This site includes the postings from the Irish Aires email list. This includes a listing of Irish/Celtic events in the Houston area and other information that the Irish Aires radio program posts.

Saturday, November 24, 2007

Read Ireland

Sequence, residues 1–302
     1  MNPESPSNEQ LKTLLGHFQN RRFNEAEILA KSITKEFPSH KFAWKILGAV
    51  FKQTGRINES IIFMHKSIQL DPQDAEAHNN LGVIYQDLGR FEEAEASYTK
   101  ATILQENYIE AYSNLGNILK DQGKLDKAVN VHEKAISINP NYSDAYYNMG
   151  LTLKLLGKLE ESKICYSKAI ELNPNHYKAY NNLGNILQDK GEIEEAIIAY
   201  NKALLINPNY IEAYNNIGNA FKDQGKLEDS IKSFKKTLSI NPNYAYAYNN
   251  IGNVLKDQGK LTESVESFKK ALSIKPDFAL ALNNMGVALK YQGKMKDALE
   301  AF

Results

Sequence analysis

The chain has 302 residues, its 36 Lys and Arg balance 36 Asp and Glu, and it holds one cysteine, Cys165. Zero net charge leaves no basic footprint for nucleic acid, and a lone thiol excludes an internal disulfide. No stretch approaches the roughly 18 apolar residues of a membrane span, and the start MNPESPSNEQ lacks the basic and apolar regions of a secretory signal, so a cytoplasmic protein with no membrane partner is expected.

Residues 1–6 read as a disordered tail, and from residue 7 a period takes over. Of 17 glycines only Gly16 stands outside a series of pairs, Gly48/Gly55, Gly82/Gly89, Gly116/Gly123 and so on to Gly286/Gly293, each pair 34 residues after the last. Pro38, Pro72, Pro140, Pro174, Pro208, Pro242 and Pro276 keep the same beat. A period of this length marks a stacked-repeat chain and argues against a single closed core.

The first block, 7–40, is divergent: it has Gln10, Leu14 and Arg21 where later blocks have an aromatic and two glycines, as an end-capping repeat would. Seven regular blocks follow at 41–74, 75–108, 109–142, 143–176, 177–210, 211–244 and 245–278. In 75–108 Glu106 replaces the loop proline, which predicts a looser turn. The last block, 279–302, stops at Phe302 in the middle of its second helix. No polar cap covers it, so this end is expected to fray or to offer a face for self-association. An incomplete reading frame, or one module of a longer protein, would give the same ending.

Read Ireland Book Reviews – Issue 399 ------------------------------------- Contents: 1. Temples of Stone: Exploring the Megalithic Tombs of Ireland by Carleton Jones 2. The Irish County Surveyors 1834-1944 by Brendan O’Donoghue 3. Reinterpreting Emmet: Essays on the Life and Legacy of Robert Emmet edited by Anne Dolan, Patrick Geoghegan and Darryl Jone 4. Ireland’s Rugby Giants by Ivan Martin 5. King’s of the Turf: Ireland’s Top Racehorse Trainers by Michael Clower 6. Oxford Companion to Irish History 2ed edited by S.J. Connolly 7. Sean Treacy and the Tan War by Joe Ambrose 8. The Miami Showband Massacre: A Survivor’s Search for the Truth by Stephen Travers with Neil Fetherstonhaugh 9. Jack Doyle: Gorgeous Gael by Michael Taub 10. Asking for Trouble by Patricia Craig 11. The Bitter Pill: An Insider’s Shocking Expose of the Irish Health System by Doctor X 12. Dublin PopOut City Guide 13. Guinness: The 250-Year Quest for the Perfect Pint by Bill Yenne 14. The Dirty Dozen: Ireland’s Motor Racing Legends by John Kenny ---------------------------------------- 1. Temples of Stone: Exploring the Megalithic Tombs of Ireland by Carleton Jones (Hardback; 28 Euro / 38 USD / 19 UK; 334 pages) Dolmens and burial chambers dot the Irish countryside and fascinate all. Once dismissed as `rude monuments' shrouded in mystery, fresh archaeological interpretations provide new ways of understanding these ancient structures. Who were the megalith builders? Why did they heave these massive stones on top of one another? What can these evocative monuments tell us about how their builders understood the world and their place in it? How did the monuments alter ancient people's experience of place and time? What rituals took place in and around these monuments? Were drugs and hallucinations part of the rituals engaged in? How were the giant megaliths erected? And finally, why did people stop building them? Insights and answers to these questions are presented in a fully-illustrated popular format. All key sites in Ireland are discussed. 100 `Sites Worth Visiting' are listed in a final chapter with photos, maps, and detailed directions for visiting each site. ------------------------------------- 2. The Irish County Surveyors 1834-1944 by Brendan O’Donoghue (Hardback; 55 Euro / 80 USD / 40 UK; 356 pages) This book is a comprehensive study of the evolution and achievements of the county surveyor system in Ireland. The introduction in 1834 of these officials - county engineers in modern terminology - to local government was a major innovation, bringing the infrastructural work of the grand juries under the supervision and direction of a corps of professional engineers; and the appointments themselves were the first at local or central level in the United Kingdom which were made on the basis of competitive examinations. In the years that followed, the new county surveyors and their successors went on to play a major role in the construction of roads, bridges and public buildings, many of which are still in use today. Preliminary essays describe how appointments were made over the period 1834-1944 and how the work of the surveyors contributed to building up local infrastructure. The biographical dictionary follows outlines in some detail the careers and achievements of the 200 surveyors who served in the thirty-two counties during the period. ---------------------------------- 3. Reinterpreting Emmet: Essays on the Life and Legacy of Robert Emmet edited by Anne Dolan, Patrick Geoghegan and Darryl Jones (Trade Paperback; 27 Euro / 40 USD / 20 UK; 258 pages) Robert Emmet's life, death, and immediate elevation into the pantheon of Irish nationalist heroes are well known. These essays on Emmet's life and legacy, however, demonstrate a new interdisciplinary approach to studies of the Irish nationalist hero. "Reinventing Emmet" includes essays on commemoration, literature, legal history and aspects of the Emmet legacy not explored elsewhere, such as studies of his influence on American culture, and draws on research from young as well as established scholars. Robert Emmet is an Irish (and Irish-American) nationalist icon. Although Emmet's rebellion of 1803 was an embarrassing failure, his speech from the dock prior to his execution for high treason has captured national and international imagination. The trial, the speech, and the image of Emmet have in many ways superseded his actual achievements, and have been perpetually reproduced across the nineteenth and twentieth centuries, culminating in the bicentenary of Emmet's rebellion in 2003. But what is Emmet's legacy? Is there more to this iconic figure than a failed rebellion and a memorable speech? ----------------------------------- 4. Ireland’s Rugby Giants by Ivan Martin (Hardback; 28 Euro / 40 USD / 19 UK; 184 pages, with full colour photos throughout) Ireland has produced many rugby heroes over the years, legends like Willie John McBride and Jack Kyle and in more recent years the list continues with Brian O'Driscoll, Fergus Slattery and Ciaran Fitzgerald. "Ireland's Rugby Giants" profiles the top players from all four provinces - giants past and present - and is crammed with photographs of the players in action for their country or in their club kits. Each profile features details on the player, and information about some of their most memorable games and tries they scored. The book is guaranteed to get rugby fans talking as much about who isn't included as those who are. And anyway, can our favourite mighty but tiny rugby player Peter Stringer really be called a giant? ----------------------------------- 5. King’s of the Turf: Ireland’s Top Racehorse Trainers by Michael Clower (Hardback; 25 Euro / 34 USD / 17 UK; 210 pages, with an 8-page full colour photo insert) Ireland has always been at the heart of horse racing, but increasingly its horses and trainers have come to dominate at the highest level, both on the flat and in National Hunt. Top owners like John Magnier (himself an Irishman) choose a top Irish trainer like Aidan O'Brien. The Cheltenham Festival, highlight of the jumping year, has in recent years become a remarkable Irish festival, as tens of thousands of punters come over for the craic and to see the best horses of trainers like Willie Mullins, Jessica Harrington and Dessie Hughes - Hedgehunter, Moscow Flyer and Hardy Eustace - triumph in the biggest races.Now Michael Clower, author of successful biographies of jockeys Mick Inane and Charlie Swan, and of the Champion Hurdler Istabraq, has profiled the 12 most successful racehorse trainers in Ireland at the moment. As well as those mentioned already they include Michael Hourigan, trainer of the great steeplechaser Beef or Salmon, flat trainer John Oxx, and the distinctly larger-than-life Edward O'Grady. -------------------------------------- 6. Oxford Companion to Irish History 2ed edited by S.J. Connolly (Trade Paperback; 23 Euro / 32 USD / 16 UK; 650 pages) Revised and updated this book reaffirms the position held by the first edition as the definitive compact source of reference on all aspects of the Irish past. Individuals, events, institutions, movements, organizations, places, language, and historiography are just some of the topics covered, spanning from the pre-Christian period to the end of the 20th century. In light of recent events and developments in scholarship, new entries have been written on such subjects as the visual arts and the current political situation in Northern Ireland. In addition existing entries covering Bronze Age Ireland, Iron Age, Mesolithic Ireland, and Neolithic Ireland have been rewritten. 'A companion to be cherished', 'judicious and authoritative', 'informative and entertaining', an 'invaluable work of reference' - these are just some of the phrases used by reviewers to describe the Oxford Companion to Irish History. The history of Ireland has long been at the epicentre of political and academic debate. Interest in Irish culture, politics, and society, both ancient and modern, never seems to falter, not only in scholarly circles but also among the general public. With over 1,800 entries, this Companion - now available in the Oxford Paperback Reference series - offers a comprehensive and authoritative guide to all aspects of Ireland's past from earliest times to the present day. There is coverage not only of leading political figures, organizations, and events but also of subjects such as dress, music, sport, and diet. Traditional topics such as the rebellion of 1798 and the Irish Civil War sit alongside entries on newly developing areas such as women's history and popular culture.In addition to A-Z entries the Companion includes a section of maps showing the shape of modern Ireland, post-reformation ecclesiastical divisions in Ireland, political divisions circa 800. ------------------------------------ 7. Sean Treacy and the Tan War by Joe Ambrose (Paperback; 13 Euro / 20 USD / 10 UK; 226 pages) This is a ground breaking new book that looks back on Ireland's struggle for freedom with a refreshingly new perspective and attitude. This is a journey into a turbulent period in Ireland's past - the past of charismatic guerrilla leader Sean Treacy, Tipperary's Flying Columns and the horrors of Croke Park's 'Bloody Sunday'. Tipperary's role in the War of Independence has been greatly underplayed and this book analyses the main events and personalities of the time. The Tan War in Tipp takes a contemporary look at a time in our history that defined a nation. ------------------------------------ 8. The Miami Showband Massacre: A Survivor’s Search for the Truth by Stephen Travers with Neil Fetherstonhaugh (Trade Paperback; 16 Euro / 22 USD / 11 UK; 300 pages, with an 8-page black-and-white photo insert) 'The suddenness of the punch had caught me off guard ! I knew then that something was definitely wrong.' On 31 July 1975, members of The Miami Showband were returning to Dublin after a gig in Banbridge when they were stopped at a border checkpoint. For Stephen Travers, the band's new bass player, it was an unusual experience but he wasn't too worried. However, as his band mates were lined up beside their vehicle Stephen noticed that the atmosphere had suddenly changed! something more sinister was happening. In a flash their lives were dramatically altered when a bomb that was being placed in the back of their van suddenly exploded prematurely. The events of that night would never leave Stephen Travers -- being hurled into the air by the explosion, listening to the cries of his friends as they were mercilessly gunned down and the steps of the gunmen getting closer as they approached to finish him off! What is it like to survive such an atrocity? To live when all around you others died? In The Miami Showband Massacre, Stephen Travers remembers the highs of being in the most successful showband of the 1970s and how it all ended in a terrifying moment of death and destruction.But he also looks for answers as to why his friends -- Tony Geraghty, Fran O'Toole and Brian McCoy -- were killed. Who ordered the ambush? What drove them to such an act? Stephen wants to understand, but will he find the answers when he meets the men responsible for the massacre face to face? --------------------------------- 9. Jack Doyle: Gorgeous Gael by Michael Taub (Trade Paperback; 16 Euro / 22 USD / 11 UK; 380 pages, with an 8-page black-and-white photo insert) Jack Doyle was a 6ft 5in Irishman with a giant appetite for life. In 1933 he drew 90,000 to London's White City to see him fight and was making GBP 600 a week on stage as a singer. He was 19. By the age of 30 he had earned and squandered a GBP 250,000 fortune (worth millions today). His motto was, 'A generous man never went to hell,' and he lived his life like a hellraiser. In his heyday as a heavyweight boxer, singer and playboy, his celebrity rivalled the Prince of Wales, and he and his wife - the beautiful Mexican film star and singer Movita, who later married Marlon Brando - were as popular in the thirties and forties as Olivier and Leigh or Burton and Taylor.This remarkable biography rescues a glittering period of social and boxing history from obscurity and restores Jack and Movita to their rightful place in the showbiz and sporting pantheon. Jack's ring presence and personality reached back to the days of the Regency Buck and his friendships with the Royal Family, his fist-fight with Clark Gable, his life as a film star and gigolo, his throwing of a fight by knocking himself out, and his extraordinary post-war career as an all-in wrestler ---------------------------------- 10. Asking for Trouble by Patricia Craig (Paperback; 13 Euro / 20 USD / 9 UK; 230 pages) This is the story of an escapade with disproportionate consequences. When I was sixteen I was expelled from school. So what, you may say: so were lots of people who never took it into their heads to make a song and dance about it. True - but I hope to show that this particular, infinitesimal injustice had implications beyond the purely personal.' Patricia Craig was expelled from her convent school in Belfast in 1959. This was not a time when pupils from respectable families were expelled, and certainly not for 'carrying-on' with the local boys in the Donegal Gaeltacht on a school-organised Irish-language course. Now an eminent writer and critic, Patricia Craig's absorbing coming-of-age memoir tells the story of the events surrounding her expulsion and its far-reaching consequences. "Asking for Trouble" is a wry and fascinating account of religious identities, family relationships and growing up set against the vivid backdrop of 1950s Belfast and Donegal. ----------------------------- 11. The Bitter Pill: An Insider’s Shocking Expose of the Irish Health System by Doctor X (Paperback; 12 Euro / 19 USD / 9 UK; 250 pages) Dr X has worked in Ireland's health service over the past six years. Like hundreds of other junior doctors, he has witnessed first-hand the problems facing the system, such as: the effects of a culture of fear, bullying and rank-closing in the upper echelons of the profession; the side-lining of professionals who speak up; the unhygienic habits of health professionals as the MRSA virus runs rampant throughout Irish hospitals; the debilitating exhaustion from shifts up to fifty-six hours long; and the life-threatening consequences to patients. Like hundreds of his colleagues, he has felt powerless to speak out, knowing there is no heroism in being a whistleblower.In "The Bitter Pill", Dr X finds himself unable to remain a silent witness. Here he describes the problems from within, using personal experience, along with that of his colleagues, to highlight the day-to-day realities crippling the system. The anonymous author makes a passionate case for change, offering simple solutions that could affect change now - if the will were there. A cautionary picture emerges of a culture often more intent on vested interest than patients' needs. "The Bitter Pill" is an honest, controversial and at times shocking account by a doctor who has not lost the ideals embodied within the Hippocratic oath - to work only 'for the good of my patients' - and who is willing to risk it all for the truth be heard. ---------------------------------- 12. Dublin PopOut City Guide (Small Paperback w/ 2 Popout Maps; 7 Euro / 10 USD / 5 UK; 64 pages) This work features a revolutionary new design for pocket-sized travel guides. Open the cover and discover a remarkable new design! 2 popout maps and a comprehensive fully illustrated 64 page guide of Dublin. And it works like magic! The map and guide of the city are fully cross-referenced for instant, effortless navigation, making this the easiest guidebook you will ever use. Well-written text covers sights, shopping, entertainment, food, practical information and where to stay. With durable flexibound, stunning laminated covers, the popout cityguide is excellent value for money for your trip to Dublin. -------------------------------- 13. Guinness: The 250-Year Quest for the Perfect Pint by Bill Yenne (Hardback; 20 Euro / 30 USD / 15 UK; 250 pages) For millions of beer lovers the world over, a properly poured pint of Guinness Stout is as close to perfection as beer gets. Each year, fans of the legendary black liquidation enjoy two billion pints of the beer known for its distinctive creamy head and rich drinkability. Ireland's most famous export, Guinness Stout--and the people who have brewed it--hold a unique place in the history of beer, business, and Ireland itself. They say that good things come to those who wait. When you wait on a perfectly poured pint of Guinness Stout, you know you're getting something good. It's more than just a pint of beer; it's a mouthwatering visual presentation of the quality and taste you're about to enjoy. And millions wait patiently for their pint every day. To find out why, famed beer and beverage writer Bill Yenne talks to everyone from Guinness's master brewer to typical pubgoers about the beer they hold dear. Whatever magic makes it so delicious, it's powerful enough to soothe the souls of beer lovers from Dublin to Boston to Buenos Aires to Lagos, and everywhere in between. But Guinness is more than a delicious beverage, it's also the name of the remarkable family of brewers and entrepreneurs whose story is worthy of legend, and who occupy a prominent place in Irish history. In Guinness, Yenne traces the 250-year tale of the family and its namesake beer. Beginning with Arthur Guinness, the entrepreneur patriarch who first began brewing at St. James's Gate, Dublin, in 1759, the story follows succeeding generations of the Guinness family through the years. Yenne follows not just the fortunes of the family Guinness, but also the development of the brand and the beer--from Arthur's earliest porter to the beer that is enjoyed in 150 countries today. For everyone who loves a good beer story, Guinness offers a perfect pint more than two centuries in the pouring. Sit back and enjoy. ---------------------------------- 14. The Dirty Dozen: Ireland’s Motor Racing Legends by John Kenny (Trade Paperback; 15 Euro / 22 USD / 10 UK; 256 pages, with two 8-page photo inserts) What drives them? Twelve of Ireland's legendary motor-sports stars speak about the highs and lows of their sport, whether scorching up the stages in rallying, the perilous thrills of motorbikes or the glamour and high stakes of circuit racing. Ruthless determination to get in front while at the same time blocking the driver or rider behind causes bitter rivalries, shocking injuries and sometimes even sabotage, but bravery, teamwork and sheer exhiliaration also have their part to play. ------------------------------------------ Previous Issue: -------------- Read Ireland Book Reviews – Issue 398 – Irish Fiction and Poetry ------------------------------------------ Contents: 1. The Silver Swan by Benjamin Black (aka John Banville) 2. This Year It Will be Different by Maeve Binchy 3. Foolish Mortals by Jennifer Johnston 4. Fox, Swallow, Scarecrow by Eilis Ni Dhuibhne 5. Horse Latitudes by Paul Muldoon 6. New and Selected Poems by Pat Boran 7. The Company of Horses by Peter Fallon 8. Out of Breath by Eamon Grennan 9. The Fifty Minute Mermaid by Nuala Ni Dhomhnaill, translated from the Irish by Paul Muldoon 10. Snow Negatives by Enda Coyle-Greene 11. The Poetry of Derek Mahon by Hugh Haughton 12. Somewhere the Wave new poems by Derek Mahon 13. District and Circle by Seamus Heaney ---------------------------------- 1. The Silver Swan by Benjamin Black (aka John Banville) (Trade Paperback; 15 Euro / 20 USD / 10 UK; 342 pages) Time has moved on for Quirke, the world-weary Dublin pathologist first encountered in Christine Falls. It is the middle of the 1950s, that low, dishonourable decade; a woman he loved has died, a man whom he once admired is dying, while the daughter he for so long denied is still finding it hard to accept him as her father. When Billy Hunt, an acquaintance from college days, approaches him about his wife's apparent suicide, Quirke recognises trouble but, as always, trouble is something he cannot resist. Slowly he is drawn into a twilight world of drug addiction, sexual obsession, blackmail and murder, a world in which even the redoubtable Inspector Hackett can offer him few directions. (Also available in hardback, priced at 25 Euro) Also, Signed First Editions First Printing Hardback available at 40 Euro. ------------------------------------- 2. This Year It Will be Different by Maeve Binchy (Hardback; Publishers Recommended Price: 28 Euro. Read Ireland Special Price: 23 Euro / 32 USD / 16 UK; 260 pages) Filled with Maeve Binchy's trademark wit and true storytelling genius, THIS YEAR IT WILL BE DIFFERENT powerfully evokes the lives of of wives, husbands, children, friends and lovers, all set during the one holiday when feelings cannot easily be hidden. There are step-families grappling with exes; long-married couples faced with in-law problems; a wandering husband choosing between the other woman and his wife; a child caught up in a grown-up tug-of-war...The festive season may be magical, but it can also be a time of family difficulties, a time to reflect on relationships; a time of change. ----------------------------------- 3. Foolish Mortals by Jennifer Johnston (Hardback; 20 Euro / 29 USD / 14 UK; 250 pages) All families are complicated, but some are more complicated than others. And Christmas can only make matters worse. After Ciara's estranged father is nearly killed by his second wife in a car accident - or was it an accident? Ciara begins, gingerly, to reenter his life. As her troubled family gather for the holidays, is it too much to hope that they begin to find peace at last? Of course it is. With cross-dressing twins, new loves and an unpredictably monstrous matriarch, Christmas was never going to be easy. But it proves both more disastrous and happier than any of them could have guessed. -------------------------------- 4. Fox, Swallow, Scarecrow by Eilis Ni Dhuibhne (Trade Paperback; 14 Euro / 19 USD / 10 UK; 400 pages) Twenty-first-century Dublin was chic, seductive, and affluent. At the glittering heart of the city is Anna Kelly Sweeney, a moderately successful writer, who lives in exclusive south Dublin with her wealthy property developer husband Alex and her son Rory. Thus insulated from harsh and unpleasant realities, Anna's life is spent in the endless round of launches, lunches and opening nights that makes up the city's literary scene. But Anna is not happy. Sensing the emptiness of her existence, she falls for the handsome but irresponsible Vincy and prepares to abandon home, husband and son for the dream of an all-conquering love. Anna's life is in crisis, and as events unfold, her sense of herself as both a woman and a writer is shattered. Self-consciously echoing and drawing on Tolstoy's Anna Karenina, Eilis Ni Dhuibhne's ambitious new novel uses the story of Anna as a critique of Irish society in the twenty-first century. Set largely in Dublin and Kerry, Ni Dhuibhne weaves Anna's story together with that of Leo, Kate, Gerry and a cast of other characters, to create a rich tapestry, a web of stories through which to explore, amongst other things, family and marriage, the materialism of Irish society and culture, the relationship between the urban and the rural, the role of the writer and of writing, and the search for purpose, meaning and spirituality in modern Irish life. Panoramic, strikingly original and compulsively readable, "Anna Kelly Sweeney" is a modern-day morality tale, an intelligent, funny, critical but always fiercely humane insight into contemporary Irish culture and society. ---------------------------------- 5. Horse Latitudes by Paul Muldoon (Paperback with endflaps; Publishers Recommended Price: 16 Euro, Read Ireland Price: 13 Euro / 20 USD / 10 UK; 108 pages) The horse latitudes designate an area north and south of the equator in which ships tend to be becalmed, in which stasis if not stagnation is the order of the day, and where sailors traditionally threw horses overboard to conserve food and water. From Bosworth Field to Beijing, the Boyne to Bull Run, from a series of text messages to the nineteenth-century Irish poet Tom Moore to an elegy for musician Warren Zevon, and from post-Agreement Ireland to George W. Bush's America, Paul Muldoon's tenth collection of poetry presents us with fields of battle and fields of debate, in which we often seem to have come to a standstill, but where language that has been debased may yet be restruck and made current to our predicament. Horse Latitudes engages the public sphere on equal terms with the most private and fugitive materials - 'the fifty years I've spent trying to put it together' - all within the same vigilant optic, in a language of inspired happenstance which, as ever, combines radical uncertainties of perspective with a lyrical lucidity. ( I have one first edition first printing hardback of this book left in stock, priced at 40 Euro. I also have another hardback copy, but not a first edition, priced at 20 Euro.) ----------------------------------- 6. New and Selected Poems by Pat Boran (Paperback; 16 Euro / 25 USD / 12 UK; 230 pages) First published in 2005, New and Selected Poems by Pat Boran presents a large selection of work by one of the best-known of the younger Irish poets. Introduced by Dennis O'Driscoll, for whom Boran is "a poet of mystery and fulfilment, of the eternal and numinous no less than the earthly and the everyday", New and Selected Poems features work from all of his earlier publications as well as a selection of newer work. "Pat Boran's poems make magic out of found things, and his metaphors light the dark like Roman candles. He is a master of his language; beyond that, he makes poetry matter to me again." -Gerard Donovan (author of Schopenhauer's Telescope and Doctor Salt) PAT BORAN was born in Portlaoise in 1963 and now lives in Dublin where he is publisher of the Dedalus Press and presenter of The Poetry Programme on RTÉ Radio 1. Since receiving the Patrick Kavanagh Poetry Award in 1989, he has pub-lished four widely-praised collections, The Unwound Clock (1990), Familiar Things (1993), The Shape of Water (1996) and As the Hand, the Glove (2001), as well as works of fiction and non-fiction including the popular writers' handbook, The Portable Creative Writing Workshop (1999/2005), and the Bisto Book of the Year shortlisted children's title, All the Way from China (1998). Volumes of his poetry have appeared in Hungarian, Macedonian and Italian, and are currently in preparation in other languages. In 2007 he was elected to membership of Aosdána, the Irish academy of artists. (Also available in Hardback, priced at 25 Euro). ------------------------------------ 7. The Company of Horses by Peter Fallon (Paperback; 12 Euro / 18 USD / 9 UK; 64 pages) "The Company of Horses" is Peter Fallon's first collection of new poems since "News of the World: Selected and New Poems" was published in 1998. "The Georgics of Virgil" appeared in 2004 and has since been reissued by Oxford in its "World's Classics Series". According to the "Irish Times", that book 'taken in parts or as a whole says "Glory to the World". And the glory is renewed for our time in Peter Fallon's translation.These new poems - closely observed and patiently assembled - continue that celebration and amplify that verdict. A book of uncommon empathy ('One World' registers the gentle effect of a tsunami on the coast of Ireland), it counts the blessings of the whole green force of nature. There are hymns to trees and other living creatures - a pine marten and riding horses, the persistence of seabirds and starlings. Inevitable elegiac notes are woven into riffs of a collection that highlights beginnings and beginnings again. These life-affirming lyrics manage to remain attentive to particular, cherished places - the author's Irish midlands home and a western retreat - while they assert common ground in the heart's affections and excitements. (Also available in Hardback, priced at 18.50 Euro) --------------------------------- 8. Out of Breath by Eamon Grennan (Paperback; 12 Euro / 18 USD / 9 UK; 80 pages) The poems in Eamon Grennan's vivid new collection demonstrate once again his fidelity to "these light morsels/of the ordinary" from which he draws large, thought-provoking implications. Preoccupied with process he finds in breath itself an image for all that generates excitement, agitation, celebration, and elegy. These richly voiced poems explore both minute and major issues and nudge us in their own concentrated way towards revelations that alter, however slightly, the way we understand this various world. (Also available in Hardback, priced at 18.50 Euro). --------------------------------- 9. The Fifty Minute Mermaid by Nuala Ni Dhomhnaill, translated from the Irish by Paul Muldoon (Trade Paperback; 14 Euro / 22 USD / 11 UK; 164 pages) This extravaganza of marvellous tales conjures a biography of mermaids and, in patterns of sometimes startling sounds and images, traces the fate of their race. It follows the paths and portals to another world, Land-Under-Wave, the realm of myth, imagination and the psyche. It is a book in touch and tune with the wellsprings of poetry. Neither ‘believing nor disbelieving’, sometimes insouciant and always wideranging, The Fifty Minute Mermaid is a book of accumulating force and subtle consonance. Paul Muldoon’s generous surrender to Nuala Ní Dhomhnaill’s poems supports José Saramago’s adage that the author with his or her language creates a national literature. World literature is created by translators. (also available in hardback, priced at 20 Euro) --------------------------------- 10. Snow Negatives by Enda Coyle-Greene (Trade Paperback; 12 Euro / 18 USD / 9 UK; 76 pages) Enda Coyle-Greene's Snow Negatives is an exciting debut from an Irish poet whose work is already well known from literary magazines and journals. In poems that are at once formally alert and alive to the possibilities of new departure, Coyle-Greene records outward journeys and experiences, but always measured against a time when "the slow ash of innocence clung / to the cigarettes we smoked / behind the bicycle sheds" ('Witches'), and, increasingly, the awareness of mortality and the "eerily familiar" recognitions occasioned by merely going home. ---------------------------------- 11. The Poetry of Derek Mahon by Hugh Haughton (Hardback; 45 Euro / 60 USD / 30 UK; 400 pages) Derek Mahon is one of the leading poets of his time, both in Ireland and beyond, famously offering a perspective that is displaced from as much as grounded in his native country. From prodigious beginnings to prolific maturity, he has been, through thick and thin, through troubled times and other, a writer profoundly committed to the art of poetry and the craft of making verse. He has also been no-less a committed reviser of his work, believing the poem to be more than a record in verse, but a work of art never finished. This virtuoso study by Hugh Haughton provides the most comprehensive account imaginable of Mahon's oeuvre. Haughton's brilliant writing always serves and illuminates the poetry, yielding extraordinary insights on almost every page. The poetry, its revisions and reception, are the subject here, but so thorough is the approach that what is offered also amounts indirectly to an intellectual biography of the poet and with it an account of Northern Irish poetry vital to our understanding of the times. -------------------------------------- Special Limited Edition: 12. Somewhere the Wave new poems by Derek Mahon (36pp Hardback Publication date: 29 November 2007 120 Euro / 170 USD / 85 UK (Price to increase to 150 Euro on 1st December) with drawings and watercolours by Bernadette Kiely Ten new poems – one of Derek Mahon’s ‘interim’ collections – conjure the world of Coleridge’s life, Brian Moore’s Belfast and the plays of Ibsen and Chekhov. They range from Italy to Goa to the American South. With the formal art of a master, they are sure to delight the author’s admirers. This handsome edition features pencil drawings and full colour reproductions of watercolours by Bernadette Kiely specially created in response to this new work. 500 copies are numbered and signed by the author. 450 copies only are for sale. Printed on Rives Artist and hardbound in linen with blind embossed title and in a Pergamenata wraparound. Somewhere the Wave is the second title in a new series. The first, The Riverbank Field by Seamus Heaney (and Martin Gale), was oversubscribed on publication. This book will be an instant collectors’ item and significantly increase in value. ------------------------------------- 13. District and Circle by Seamus Heaney (Paperback; Publishers Recommended Price: 14 Euro; Read Ireland Book Review Special Price 11 Euro / 14 USD / 8 UK; 80 pages) Seamus Heaney's new collection starts 'in an age of bare hands and cast iron' and ends 'as the automatic lock/clunks shut' in the eerie new conditions of a menaced twentieth-first century. In their haunted, almost visionary clarity, the poems assay the weight and worth of what has been held in the hand and in the memory. Images out of a childhood spent safe from the horrors of World War II - railway sleepers, a sledgehammer, the 'heavyweight silence' of cattle out in rain - are coloured by a strongly contemporary sense that 'anything can happen' and other images from the dangerous present - a journey on the underground, a melting glacier - are fraught with this same anxiety. But "District and Circle", which includes a number of prose poems and translations, offers resistance as the poet gathers his staying powers and stands his ground in the hiding places of love and excited language. In a sequence like "The Tollund Man in Springtime" and in several poems which 'do the rounds of the district' - its known roads and rivers and trees, its familiar and unfamiliar ghosts - the gravity of memorial is transformed into the grace of recollection. With more relish and conviction than ever, Seamus Heaney maintains his trust in the obduracy of workaday realities and the mystery of everyday renewals. This new collection was initially published by Faber in hardback on 6th April 2006. It was Heaney’s first new collection for five years, and without doubt one of the publishing highlights of 2006. I have a few rare and increasingly valuable first editions left in stock. They are now priced at 50 Euro each (They have more than doubled in value since publicationl and are likely to continue to increase in value now that the paperback has been released. The US edition was published some six weeks after the UK, so these are ‘True’ Firsts! ------------------------------------------- Thank you for your continued support. It is vital for the continuation of this service! If you appreciate receiving these regular emails, I respectfully request that if you are considering ordering any of these books that you do so through Read Ireland. Using these emails to order books from other suppliers does NOT support Read Ireland nor the continuation of the service. I very much appreciate your patronage. To order books from the Read Ireland Book Review – simply return the Newsletter by clicking your reply button. Please DELETE the books you do NOT want and LEAVE the books you DO WANT to order. Please note that prices for these books on the Read Ireland website may differ from those quoted above. Alternatively, you can send an email to the order department at: Please be sure to include your full mailing address and credit card details including expiration date. You might like to split this information into 2 or 3 emails for security. You can of course also post your order to: Read Ireland, 392 Clontarf Road, Clontarf, Dublin 3,Ireland. Telephone and Facsimile number is: +353-1-853-2063. Read Ireland Web Site Home Page: or Please visit often! If I can be of any further assistance, please do not hesitate to contact me. Thank you very much for your continued support and custom. Sincerely, Gregory Carr @ Read Ireland